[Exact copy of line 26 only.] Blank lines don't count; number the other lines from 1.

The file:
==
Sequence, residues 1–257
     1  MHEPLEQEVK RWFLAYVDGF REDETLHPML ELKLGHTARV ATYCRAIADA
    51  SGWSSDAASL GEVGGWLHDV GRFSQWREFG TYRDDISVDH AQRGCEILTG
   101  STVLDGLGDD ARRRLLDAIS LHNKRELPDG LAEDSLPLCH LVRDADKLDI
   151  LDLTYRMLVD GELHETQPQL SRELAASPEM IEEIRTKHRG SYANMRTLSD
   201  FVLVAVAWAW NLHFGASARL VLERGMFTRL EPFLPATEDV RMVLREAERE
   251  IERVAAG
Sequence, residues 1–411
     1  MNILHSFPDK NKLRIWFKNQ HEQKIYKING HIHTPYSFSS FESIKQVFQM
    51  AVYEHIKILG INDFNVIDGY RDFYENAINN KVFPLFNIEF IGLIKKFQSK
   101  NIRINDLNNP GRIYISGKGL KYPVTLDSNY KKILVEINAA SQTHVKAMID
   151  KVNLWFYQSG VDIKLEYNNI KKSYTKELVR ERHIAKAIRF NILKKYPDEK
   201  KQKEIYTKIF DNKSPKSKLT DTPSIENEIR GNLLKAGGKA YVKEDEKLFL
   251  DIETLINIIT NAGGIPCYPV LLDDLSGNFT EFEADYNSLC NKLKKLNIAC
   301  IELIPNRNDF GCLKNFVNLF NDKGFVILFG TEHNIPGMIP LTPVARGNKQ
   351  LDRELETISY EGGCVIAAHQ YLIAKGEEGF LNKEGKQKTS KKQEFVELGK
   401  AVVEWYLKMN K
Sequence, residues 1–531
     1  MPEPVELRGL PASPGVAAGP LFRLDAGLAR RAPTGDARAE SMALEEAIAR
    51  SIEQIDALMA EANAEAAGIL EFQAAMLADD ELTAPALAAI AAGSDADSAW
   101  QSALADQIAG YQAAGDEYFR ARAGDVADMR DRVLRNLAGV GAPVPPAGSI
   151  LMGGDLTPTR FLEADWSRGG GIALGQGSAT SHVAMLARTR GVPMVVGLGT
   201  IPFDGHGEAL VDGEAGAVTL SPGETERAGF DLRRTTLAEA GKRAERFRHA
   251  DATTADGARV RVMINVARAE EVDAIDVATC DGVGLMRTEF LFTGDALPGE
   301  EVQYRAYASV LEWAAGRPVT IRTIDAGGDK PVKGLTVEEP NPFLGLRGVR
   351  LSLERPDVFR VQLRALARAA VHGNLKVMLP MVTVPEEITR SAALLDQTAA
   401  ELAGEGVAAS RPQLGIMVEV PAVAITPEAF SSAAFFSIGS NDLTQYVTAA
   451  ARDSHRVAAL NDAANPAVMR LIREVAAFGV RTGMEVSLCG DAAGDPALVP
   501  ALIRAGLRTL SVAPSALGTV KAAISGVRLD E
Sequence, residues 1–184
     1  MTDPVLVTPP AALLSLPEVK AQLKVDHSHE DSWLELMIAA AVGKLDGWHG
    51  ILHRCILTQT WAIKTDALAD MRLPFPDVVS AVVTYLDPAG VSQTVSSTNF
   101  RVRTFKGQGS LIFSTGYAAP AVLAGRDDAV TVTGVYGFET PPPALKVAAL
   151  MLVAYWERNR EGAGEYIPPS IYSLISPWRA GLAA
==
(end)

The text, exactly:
   351  LSLERPDVFR VQLRALARAA VHGNLKVMLP MVTVPEEITR SAALLDQTAA